FINALLY WATCHED IT. I can barely think of writing as objectively as I normally would, I’m just so happy. Okay. Calm down, Alexa. Here goes.
WARNING: SPOILERS AHEAD. Some book and movie comparisons will also be made.
The Hunger Games is the first film in four movies (says this) based on the trilogy of the same name by Suzanne Collins. Set in dystopian Panem composed of twelve districts (originally thirteen, but the thirteenth was obliterated), an annual event which requires a boy and girl tribute from each district summons Katniss Everdeen (Jennifer Lawrence) and Peeta Mellark (Josh Hutcherson) from District 12 to fight to the death against other tributes in an enclosed arena. Because the Hunger Games can only accept one victor, no tribute feels safe. Each of them has to fight for his or her survival, all the while being watched by everyone in Panem. As things get darker in every turn, Katniss has to learn how to outsmart the other tributes in order to emerge the victor. A lot of complications get in the way, of course, but it’s only just the beginning.
I first heard of The Hunger Games, from my best friend who loved reading YA, sometime in 2009. I was intrigued because I’d just read the short story by Shirley Jackson called The Lottery, and the themes were similar. When I heard that it was going to be turned into a movie, I was torn between feeling wildly delighted or worried that it might not turn out the way I expected it to. I know most people think this as well, so let me stop all that worrying by saying that: No. You have nothing to be worried about. The movie was brilliant. Let me explain. (At this point, there will be SPOILERS. You have been forewarned.)
We all have our expectations of how the movie will turn out – which scenes will be included, how they will reenact each scene, etc. – and I have found most of the movie remain faithful to the book. Some scenes were different, but they were necessary and added more to the story. I liked some of the changes they made, like how they killed off Seneca Crane (Wes Bentley) at the end, and the brief scene which revealed the more sinister side of President Snow (Donald Sutherland). I think this faithfulness to the events that occurred in the book – and how Suzanne Collins was part of the team that wrote the screenplay – was how Lions Gate won the series over against bigger rivals. And despite this faithfulness to the book, they were able to show the movie from different perspectives, not merely Katniss’s – the Gamemakers, the Capitol, people from the districts, even Gale – and this was a change that I liked wholeheartedly. Seeing the Gamemakers make changes to the terrain and creatures in the arena, in addition to all the other perspectives, added a new level of understanding yo the points of view of the characters in the movie.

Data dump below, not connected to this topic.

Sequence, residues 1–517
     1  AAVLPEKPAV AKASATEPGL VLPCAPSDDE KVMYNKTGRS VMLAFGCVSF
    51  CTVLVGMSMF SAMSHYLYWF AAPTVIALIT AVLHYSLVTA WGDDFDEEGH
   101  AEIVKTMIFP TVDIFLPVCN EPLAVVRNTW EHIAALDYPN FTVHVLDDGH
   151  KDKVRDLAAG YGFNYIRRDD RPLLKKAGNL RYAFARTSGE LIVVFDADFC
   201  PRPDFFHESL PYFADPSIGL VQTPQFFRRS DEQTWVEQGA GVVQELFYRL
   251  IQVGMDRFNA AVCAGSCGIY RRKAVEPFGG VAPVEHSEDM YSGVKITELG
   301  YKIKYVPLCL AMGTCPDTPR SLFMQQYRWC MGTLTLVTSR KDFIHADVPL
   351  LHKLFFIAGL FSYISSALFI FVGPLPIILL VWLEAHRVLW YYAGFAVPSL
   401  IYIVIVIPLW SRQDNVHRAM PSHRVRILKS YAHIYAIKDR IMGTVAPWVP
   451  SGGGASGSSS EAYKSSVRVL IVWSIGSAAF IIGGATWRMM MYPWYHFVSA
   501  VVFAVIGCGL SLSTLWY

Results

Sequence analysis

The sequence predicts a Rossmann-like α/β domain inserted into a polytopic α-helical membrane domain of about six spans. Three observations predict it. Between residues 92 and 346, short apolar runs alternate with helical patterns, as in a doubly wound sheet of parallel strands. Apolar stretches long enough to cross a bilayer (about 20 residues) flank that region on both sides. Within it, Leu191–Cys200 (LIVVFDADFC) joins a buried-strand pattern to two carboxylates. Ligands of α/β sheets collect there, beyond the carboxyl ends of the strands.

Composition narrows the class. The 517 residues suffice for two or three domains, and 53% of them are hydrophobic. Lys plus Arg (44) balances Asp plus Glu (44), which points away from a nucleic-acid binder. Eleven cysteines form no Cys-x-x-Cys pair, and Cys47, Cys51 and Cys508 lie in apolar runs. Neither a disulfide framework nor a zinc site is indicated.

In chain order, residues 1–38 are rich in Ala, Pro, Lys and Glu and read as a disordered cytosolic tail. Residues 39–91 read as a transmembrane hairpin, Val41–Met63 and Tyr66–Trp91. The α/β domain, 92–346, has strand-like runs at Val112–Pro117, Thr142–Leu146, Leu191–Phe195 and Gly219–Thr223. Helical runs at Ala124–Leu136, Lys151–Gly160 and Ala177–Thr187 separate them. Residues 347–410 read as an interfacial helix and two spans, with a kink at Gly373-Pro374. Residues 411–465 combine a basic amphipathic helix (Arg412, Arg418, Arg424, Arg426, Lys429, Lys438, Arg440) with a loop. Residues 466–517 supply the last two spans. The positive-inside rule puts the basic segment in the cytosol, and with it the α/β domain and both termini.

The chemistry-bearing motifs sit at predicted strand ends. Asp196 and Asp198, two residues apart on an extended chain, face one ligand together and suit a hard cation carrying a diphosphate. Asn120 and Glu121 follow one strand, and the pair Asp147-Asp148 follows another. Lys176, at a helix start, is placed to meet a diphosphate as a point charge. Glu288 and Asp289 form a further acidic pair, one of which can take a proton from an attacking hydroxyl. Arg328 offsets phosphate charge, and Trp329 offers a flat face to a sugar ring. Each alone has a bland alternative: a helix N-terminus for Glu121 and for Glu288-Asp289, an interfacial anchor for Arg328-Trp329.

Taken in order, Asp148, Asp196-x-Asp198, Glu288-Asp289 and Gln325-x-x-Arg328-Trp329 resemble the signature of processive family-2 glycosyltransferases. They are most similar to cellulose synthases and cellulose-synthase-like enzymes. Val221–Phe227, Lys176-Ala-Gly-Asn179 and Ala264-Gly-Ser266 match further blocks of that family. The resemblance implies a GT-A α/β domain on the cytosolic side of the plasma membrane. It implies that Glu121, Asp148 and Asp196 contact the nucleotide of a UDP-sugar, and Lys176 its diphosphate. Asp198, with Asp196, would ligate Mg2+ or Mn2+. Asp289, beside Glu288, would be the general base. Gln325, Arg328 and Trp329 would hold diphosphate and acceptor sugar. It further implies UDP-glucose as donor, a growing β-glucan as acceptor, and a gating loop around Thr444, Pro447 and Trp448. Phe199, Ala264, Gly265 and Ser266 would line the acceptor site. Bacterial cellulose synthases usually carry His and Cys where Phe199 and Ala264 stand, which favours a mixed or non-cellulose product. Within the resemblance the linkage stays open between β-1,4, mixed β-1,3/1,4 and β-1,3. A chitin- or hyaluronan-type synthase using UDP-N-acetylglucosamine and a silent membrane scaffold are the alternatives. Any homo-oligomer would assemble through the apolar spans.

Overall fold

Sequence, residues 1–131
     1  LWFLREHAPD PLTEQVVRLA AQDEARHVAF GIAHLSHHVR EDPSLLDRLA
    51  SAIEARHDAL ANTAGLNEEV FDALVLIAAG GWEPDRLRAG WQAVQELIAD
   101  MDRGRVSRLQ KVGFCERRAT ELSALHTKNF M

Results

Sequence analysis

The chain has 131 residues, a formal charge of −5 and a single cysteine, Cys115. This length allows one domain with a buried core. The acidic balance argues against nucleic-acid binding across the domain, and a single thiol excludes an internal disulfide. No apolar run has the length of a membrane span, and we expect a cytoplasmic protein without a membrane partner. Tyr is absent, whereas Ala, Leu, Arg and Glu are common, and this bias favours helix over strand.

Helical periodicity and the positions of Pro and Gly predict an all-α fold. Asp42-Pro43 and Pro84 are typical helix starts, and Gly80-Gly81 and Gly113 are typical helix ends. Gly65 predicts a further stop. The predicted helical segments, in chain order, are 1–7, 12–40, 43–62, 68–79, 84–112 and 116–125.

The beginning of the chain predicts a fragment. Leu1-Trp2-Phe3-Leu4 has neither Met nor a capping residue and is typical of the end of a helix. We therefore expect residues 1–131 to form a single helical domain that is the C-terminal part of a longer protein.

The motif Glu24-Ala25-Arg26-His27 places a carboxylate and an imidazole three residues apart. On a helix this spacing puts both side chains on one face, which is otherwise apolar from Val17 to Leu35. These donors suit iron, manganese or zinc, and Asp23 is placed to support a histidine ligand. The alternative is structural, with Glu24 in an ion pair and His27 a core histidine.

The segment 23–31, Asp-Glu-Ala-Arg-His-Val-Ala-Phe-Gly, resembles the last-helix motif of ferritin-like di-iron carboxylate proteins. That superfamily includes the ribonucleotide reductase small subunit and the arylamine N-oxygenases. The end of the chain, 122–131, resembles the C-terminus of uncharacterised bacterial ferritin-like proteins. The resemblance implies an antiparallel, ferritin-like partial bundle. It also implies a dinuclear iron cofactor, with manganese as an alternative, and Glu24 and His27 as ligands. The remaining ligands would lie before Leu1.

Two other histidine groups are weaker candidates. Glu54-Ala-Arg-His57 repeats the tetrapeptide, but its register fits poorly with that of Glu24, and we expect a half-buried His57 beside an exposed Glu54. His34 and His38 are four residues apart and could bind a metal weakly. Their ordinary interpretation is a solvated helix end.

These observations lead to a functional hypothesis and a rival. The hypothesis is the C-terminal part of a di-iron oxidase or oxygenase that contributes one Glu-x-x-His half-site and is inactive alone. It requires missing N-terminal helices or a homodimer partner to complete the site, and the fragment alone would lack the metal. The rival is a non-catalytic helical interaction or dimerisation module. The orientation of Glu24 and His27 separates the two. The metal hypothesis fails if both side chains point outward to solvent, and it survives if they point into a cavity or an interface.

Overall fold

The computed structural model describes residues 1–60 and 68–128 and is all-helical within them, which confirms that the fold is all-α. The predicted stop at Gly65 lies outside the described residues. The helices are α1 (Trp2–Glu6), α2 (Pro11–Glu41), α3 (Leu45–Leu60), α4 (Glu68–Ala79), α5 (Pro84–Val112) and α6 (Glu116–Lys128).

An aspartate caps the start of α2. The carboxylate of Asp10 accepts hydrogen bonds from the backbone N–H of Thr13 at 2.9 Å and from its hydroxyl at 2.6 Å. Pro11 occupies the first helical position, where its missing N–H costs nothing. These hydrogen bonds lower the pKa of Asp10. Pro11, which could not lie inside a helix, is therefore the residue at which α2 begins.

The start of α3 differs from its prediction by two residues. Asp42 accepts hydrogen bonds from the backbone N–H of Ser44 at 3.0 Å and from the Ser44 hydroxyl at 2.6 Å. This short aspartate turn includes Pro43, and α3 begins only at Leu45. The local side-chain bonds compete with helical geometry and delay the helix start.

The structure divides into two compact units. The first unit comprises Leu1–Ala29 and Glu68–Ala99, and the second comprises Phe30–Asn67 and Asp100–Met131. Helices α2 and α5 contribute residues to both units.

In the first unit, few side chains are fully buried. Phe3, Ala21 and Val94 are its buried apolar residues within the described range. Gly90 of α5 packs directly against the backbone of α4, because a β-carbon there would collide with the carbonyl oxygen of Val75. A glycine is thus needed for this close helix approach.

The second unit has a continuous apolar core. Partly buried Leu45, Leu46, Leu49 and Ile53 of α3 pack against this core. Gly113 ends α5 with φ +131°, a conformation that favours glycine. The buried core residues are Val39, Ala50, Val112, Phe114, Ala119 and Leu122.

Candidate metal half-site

I absolutely, from the bottom of my heart, commend everyone’s acting. I had a different cast on my mind, but now I understand why they were chosen for their respective roles. They were perfect. Jennifer Lawrence did a terrific job playing Katniss. Despite her character’s trademark stoic expression, Lawrence managed to portray her very well. Katniss did show some emotion later on, and Lawrence managed to do that pretty well, too. Josh Hutcherson and Liam Hemsworth actually really fit their roles. Stanley Tucci was convincing as Caesar Flickerman, as are Elizabeth Banks, Woody Harrelson, and Lenny Kravitz, who played Effie Trinket, Haymitch, and Cinna, respectively. I adored Wes Bentley as Seneca Crane. I especially love the design of his beard. Kind of fits him, as a matter of fact. The tributes themselves were very good. Alexander Ludwig and Amandla Stenberg as Cato and Rue were my personal favorites. The whole cast was great, really, but I would just like to say how I loved Donald Sutherland’s portrayal of President Snow best. President Snow did not have that many scenes, but he was in the last (which lasted about thirty seconds) and I personally think it made quite an impact. Sutherland’s just so amazing. He managed to show his contempt of those rebellious “star-crossed lovers” remarkably well, with expressions as subtle as the curling of a lip. Hands down, my favorite portrayal. I couldn’t imagine anybody else who could have done it better.
The effects and the score was good, too. They showed Katniss twirling her dress, flames and all, and it looked fabulous. And you know that part in the book where Katniss hallucinated due to the trackerjackers’ bites? I loved how they showed that. The Cornucopia’s not as I imagined it to be – it was more of gold and smooth in my imagination – but it worked for the final scenes, which is enough for me. I love the costume design and makeup aspect. The Capitol and its people were just as I imagined them! They all look colorful, which reminds me of the characters from Alice in Wonderland.
Overall, it was a really good film. One of the more faithful – and more impressive – book-to-film adaptations I have seen in a while. You really shouldn’t miss it. And if you haven’t read the book, please please do so as well! The movie is the perfect companion to it.
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In a nutshell…